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    Last Updated on November 18, 2020

    15 Tips to Restart the Exercise Habit (and How to Keep It)

    15 Tips to Restart the Exercise Habit (and How to Keep It)

    It’s okay, you can finally admit it. It’s been two months since you’ve seen the inside of the gym. Getting sick, family crisis, overtime at work and school papers that needed to get finished all kept you for exercising. Now, the question is: how do you start again?
    Once you have an exercise habit, it becomes automatic. You just go to the gym, there is no force involved. But after a month, two months or possibly a year off, it can be hard to get started again. Here are some tips to climb back on that treadmill after you’ve fallen off.

    1. Don’t Break the Habit – The easiest way to keep things going is simply not to stop. Avoid long breaks in exercising or rebuilding the habit will take some effort. This may be advice a little too late for some people. But if you have an exercise habit going, don’t drop it at the first sign of trouble.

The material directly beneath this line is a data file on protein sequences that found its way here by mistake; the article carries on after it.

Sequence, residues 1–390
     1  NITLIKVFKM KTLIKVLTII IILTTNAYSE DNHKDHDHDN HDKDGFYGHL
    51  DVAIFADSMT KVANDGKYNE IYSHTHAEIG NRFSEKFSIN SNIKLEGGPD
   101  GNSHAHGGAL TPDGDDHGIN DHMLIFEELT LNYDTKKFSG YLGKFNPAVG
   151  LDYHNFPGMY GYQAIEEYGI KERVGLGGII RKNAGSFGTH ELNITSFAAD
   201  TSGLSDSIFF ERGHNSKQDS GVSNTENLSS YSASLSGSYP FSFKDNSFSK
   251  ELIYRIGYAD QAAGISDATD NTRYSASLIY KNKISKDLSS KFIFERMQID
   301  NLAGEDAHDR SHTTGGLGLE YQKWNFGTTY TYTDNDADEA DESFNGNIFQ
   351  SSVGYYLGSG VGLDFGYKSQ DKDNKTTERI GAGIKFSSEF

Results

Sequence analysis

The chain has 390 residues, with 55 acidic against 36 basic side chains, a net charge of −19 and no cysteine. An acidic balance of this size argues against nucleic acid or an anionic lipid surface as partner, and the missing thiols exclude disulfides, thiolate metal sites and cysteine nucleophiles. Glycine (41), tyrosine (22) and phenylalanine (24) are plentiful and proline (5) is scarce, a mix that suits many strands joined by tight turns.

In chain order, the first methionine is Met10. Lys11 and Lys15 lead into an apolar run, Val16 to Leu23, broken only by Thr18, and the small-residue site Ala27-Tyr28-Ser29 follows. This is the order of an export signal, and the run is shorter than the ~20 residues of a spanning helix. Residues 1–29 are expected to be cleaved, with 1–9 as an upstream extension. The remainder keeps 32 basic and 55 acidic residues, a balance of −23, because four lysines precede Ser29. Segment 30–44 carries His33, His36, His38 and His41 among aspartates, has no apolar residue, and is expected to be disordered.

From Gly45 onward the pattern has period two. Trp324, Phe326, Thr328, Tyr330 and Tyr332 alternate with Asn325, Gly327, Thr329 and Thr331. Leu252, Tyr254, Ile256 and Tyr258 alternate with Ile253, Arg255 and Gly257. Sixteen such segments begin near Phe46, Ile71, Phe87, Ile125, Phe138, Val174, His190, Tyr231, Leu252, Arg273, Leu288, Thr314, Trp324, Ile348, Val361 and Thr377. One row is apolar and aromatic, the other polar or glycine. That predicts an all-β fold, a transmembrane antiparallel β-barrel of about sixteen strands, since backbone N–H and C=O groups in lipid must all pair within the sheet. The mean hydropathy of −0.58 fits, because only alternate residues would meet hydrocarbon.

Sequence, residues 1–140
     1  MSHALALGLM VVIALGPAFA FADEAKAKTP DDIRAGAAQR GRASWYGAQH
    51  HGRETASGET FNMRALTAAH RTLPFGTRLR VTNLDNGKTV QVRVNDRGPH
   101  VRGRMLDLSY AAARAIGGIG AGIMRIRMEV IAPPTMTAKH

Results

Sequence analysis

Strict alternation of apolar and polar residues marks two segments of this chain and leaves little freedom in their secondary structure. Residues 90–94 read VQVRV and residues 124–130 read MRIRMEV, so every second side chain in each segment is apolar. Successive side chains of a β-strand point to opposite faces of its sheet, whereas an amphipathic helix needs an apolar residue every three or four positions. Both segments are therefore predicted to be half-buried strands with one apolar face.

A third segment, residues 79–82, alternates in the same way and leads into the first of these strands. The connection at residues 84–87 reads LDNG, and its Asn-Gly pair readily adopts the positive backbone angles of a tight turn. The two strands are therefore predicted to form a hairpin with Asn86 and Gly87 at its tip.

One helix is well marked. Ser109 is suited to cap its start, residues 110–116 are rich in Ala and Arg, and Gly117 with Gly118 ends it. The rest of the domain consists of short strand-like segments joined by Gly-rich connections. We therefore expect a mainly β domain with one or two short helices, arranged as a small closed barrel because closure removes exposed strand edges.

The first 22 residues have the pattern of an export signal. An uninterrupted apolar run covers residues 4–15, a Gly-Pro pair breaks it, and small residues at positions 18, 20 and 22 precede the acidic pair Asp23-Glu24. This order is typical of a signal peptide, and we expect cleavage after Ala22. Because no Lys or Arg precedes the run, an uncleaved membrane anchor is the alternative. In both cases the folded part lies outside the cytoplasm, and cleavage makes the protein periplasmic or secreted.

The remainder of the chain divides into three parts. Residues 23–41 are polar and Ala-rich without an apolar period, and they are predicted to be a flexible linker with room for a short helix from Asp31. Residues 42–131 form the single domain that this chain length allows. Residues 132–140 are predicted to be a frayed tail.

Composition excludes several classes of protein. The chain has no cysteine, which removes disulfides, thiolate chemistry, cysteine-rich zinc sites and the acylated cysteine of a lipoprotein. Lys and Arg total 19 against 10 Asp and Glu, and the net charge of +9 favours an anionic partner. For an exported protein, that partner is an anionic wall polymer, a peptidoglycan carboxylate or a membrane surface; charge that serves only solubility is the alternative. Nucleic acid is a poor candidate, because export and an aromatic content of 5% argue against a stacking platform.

2. Reward Showing Up – Woody Allen once said that, “Half of life is showing up.” I’d argue that 90% of making a habit is just making the effort to get there. You can worry about your weight, amount of laps you run or the amount you can bench press later.
    3. Commit for Thirty Days – Make a commitment to go every day (even just for 20 minutes) for one month. This will solidify the exercise habit. By making a commitment you also take pressure off yourself in the first weeks back of deciding whether to go.
    4. Make it Fun – If you don’t enjoy yourself at the gym, it is going to be hard to keep it a habit. There are thousands of ways you can move your body and exercise, so don’t give up if you’ve decided lifting weights or doing crunches isn’t for you. Many large fitness centers will offer a range of programs that can suit your tastes.